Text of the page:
The NY Times itself enjoys similar tax breaks, and hasn’t offered to give one of them up, to help end government waste. Nor have other newspapers, some of which have even sought to benefit under the “failing newspaper act,” which would let them operate as “educational nonprofits,” and pay no taxes. Others have sought exemptions from antitrust laws, so that they can set online subscription prices.

In truth, in this Internet and online-media age, we could live without newspapers. But as an American Express advertising executive might say, Oil: You can't leave home without it. Nor can you have modern civilization or improved health and living standards without it.

2) Most petroleum companies aren’t “Big Oil.” They’re small independents. And the entire industry operates under government policies and regulations that keep many of America’s best oil and gas prospects off limits and make leasing, exploration and drilling needlessly expensive and time-consuming. Between 1981 and 2008, the largest consolidated oil companies (“Big Oil”) alone paid $1.95 trillion in severance, property, excise, sales and corporate income taxes, the Tax Foundation reports.

Eliminate the tax deductions amid the current regulatory and political climate, and fewer wells will be drilled, fewer deposits will be profitable enough to develop, fields will be abandoned prematurely, royalty revenues will decline, refineries will close or move overseas, workers will lose their jobs, their income tax payments will morph into welfare checks, and we will import still more oil and refined products.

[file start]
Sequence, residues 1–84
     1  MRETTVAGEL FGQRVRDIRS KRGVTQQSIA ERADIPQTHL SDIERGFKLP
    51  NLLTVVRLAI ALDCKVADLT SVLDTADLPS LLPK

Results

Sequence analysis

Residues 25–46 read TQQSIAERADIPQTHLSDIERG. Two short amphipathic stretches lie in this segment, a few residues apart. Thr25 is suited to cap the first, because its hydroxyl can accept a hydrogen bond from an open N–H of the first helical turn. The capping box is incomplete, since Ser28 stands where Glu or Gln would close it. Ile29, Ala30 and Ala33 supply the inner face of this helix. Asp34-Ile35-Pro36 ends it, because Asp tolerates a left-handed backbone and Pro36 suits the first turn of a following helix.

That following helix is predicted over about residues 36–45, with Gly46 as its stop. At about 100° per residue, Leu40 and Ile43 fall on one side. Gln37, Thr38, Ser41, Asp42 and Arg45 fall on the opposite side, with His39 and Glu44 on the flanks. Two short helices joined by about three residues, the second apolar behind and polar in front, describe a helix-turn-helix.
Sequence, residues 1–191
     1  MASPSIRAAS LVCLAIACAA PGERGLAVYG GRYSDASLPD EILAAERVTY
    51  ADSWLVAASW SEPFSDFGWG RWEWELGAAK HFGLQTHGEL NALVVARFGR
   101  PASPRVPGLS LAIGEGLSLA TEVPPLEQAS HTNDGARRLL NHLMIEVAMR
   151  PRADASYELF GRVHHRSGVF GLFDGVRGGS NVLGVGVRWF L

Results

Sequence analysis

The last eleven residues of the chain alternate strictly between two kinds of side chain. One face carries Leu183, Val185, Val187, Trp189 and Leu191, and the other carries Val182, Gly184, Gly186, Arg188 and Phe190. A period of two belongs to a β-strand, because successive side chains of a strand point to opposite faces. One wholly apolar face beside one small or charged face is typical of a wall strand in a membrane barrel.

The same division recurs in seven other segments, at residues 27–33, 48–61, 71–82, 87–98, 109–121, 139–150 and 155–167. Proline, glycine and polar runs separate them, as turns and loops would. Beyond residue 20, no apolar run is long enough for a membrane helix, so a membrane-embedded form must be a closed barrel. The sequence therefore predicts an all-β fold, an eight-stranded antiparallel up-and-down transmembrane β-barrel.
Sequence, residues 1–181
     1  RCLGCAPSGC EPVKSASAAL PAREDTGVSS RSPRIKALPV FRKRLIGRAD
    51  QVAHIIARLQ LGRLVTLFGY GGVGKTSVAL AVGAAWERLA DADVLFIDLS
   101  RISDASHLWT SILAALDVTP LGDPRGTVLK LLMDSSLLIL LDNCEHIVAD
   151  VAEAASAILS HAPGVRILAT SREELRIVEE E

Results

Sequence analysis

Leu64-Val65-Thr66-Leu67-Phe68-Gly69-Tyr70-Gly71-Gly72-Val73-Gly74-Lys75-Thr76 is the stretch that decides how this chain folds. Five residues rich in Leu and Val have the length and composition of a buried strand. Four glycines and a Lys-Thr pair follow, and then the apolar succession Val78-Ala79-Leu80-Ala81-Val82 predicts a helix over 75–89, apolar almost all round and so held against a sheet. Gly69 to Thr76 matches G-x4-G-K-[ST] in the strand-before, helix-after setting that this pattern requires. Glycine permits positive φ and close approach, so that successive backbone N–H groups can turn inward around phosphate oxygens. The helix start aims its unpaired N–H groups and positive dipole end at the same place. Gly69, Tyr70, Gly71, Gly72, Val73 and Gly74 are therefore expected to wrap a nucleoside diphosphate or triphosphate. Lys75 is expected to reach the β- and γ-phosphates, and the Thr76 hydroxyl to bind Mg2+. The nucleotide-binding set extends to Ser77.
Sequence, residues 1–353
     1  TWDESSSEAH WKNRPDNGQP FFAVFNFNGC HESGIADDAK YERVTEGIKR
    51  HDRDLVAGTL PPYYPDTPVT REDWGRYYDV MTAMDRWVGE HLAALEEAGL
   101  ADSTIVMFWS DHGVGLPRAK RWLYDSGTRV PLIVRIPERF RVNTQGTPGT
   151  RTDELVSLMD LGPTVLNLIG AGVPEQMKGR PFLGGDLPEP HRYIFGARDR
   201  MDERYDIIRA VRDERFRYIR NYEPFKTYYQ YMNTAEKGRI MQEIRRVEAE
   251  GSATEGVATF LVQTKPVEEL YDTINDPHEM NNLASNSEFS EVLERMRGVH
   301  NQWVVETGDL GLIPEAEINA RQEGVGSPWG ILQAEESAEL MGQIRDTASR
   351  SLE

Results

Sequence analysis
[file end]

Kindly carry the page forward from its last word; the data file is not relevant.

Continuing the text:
3) A primary reason oil and gasoline prices are so high, unemployment is stuck at 9% and our economic growth is anemic is that government has made most of our western states, Alaskan and Outer Continental Shelf energy prospects off limits. It raises unfounded concerns about hydraulic fracturing, and drags its feet on permits for lands that supposedly are “available” for leasing and drilling. In short, it chokes off supplies.

Meanwhile, politicians stoke demand – with legislation like the NAT GAS Act. That bill would obligate U.S. taxpayers to pony up some $14 billion annually in subsidies (AKA, tax credits and rebates), to encourage motorists to buy natural gas-fueled cars and trucks, and service stations to install natural-gas fueling stations.

Eliminate oil company tax deductions: “save” $4 billion. Subsidize car and truck purchases: spend $14 billion. It’s unsustainable. It’s insane.

4) Real subsidies take money taken from society’s productive sectors, and transfer it to legislators and bureaucrats, who give it to companies that “deserve” funding, because they provide politically favored products or could not remain in business without perpetual infusions of Other People’s Money. You support our reelection, our “catastrophic manmade global warming” thesis and our commitment to a renewable energy future, and you’ll continue receiving taxpayer cash – until the OPM runs out.

Evergreen Solar received $486 million in federal and state subsidies – but still closed its doors and fired 850 workers, when the subsidy well ran dry. The same thing happened to five of six solar companies in Germany. The jobs went to China and Malaysia, which have lower costs and fewer regulations.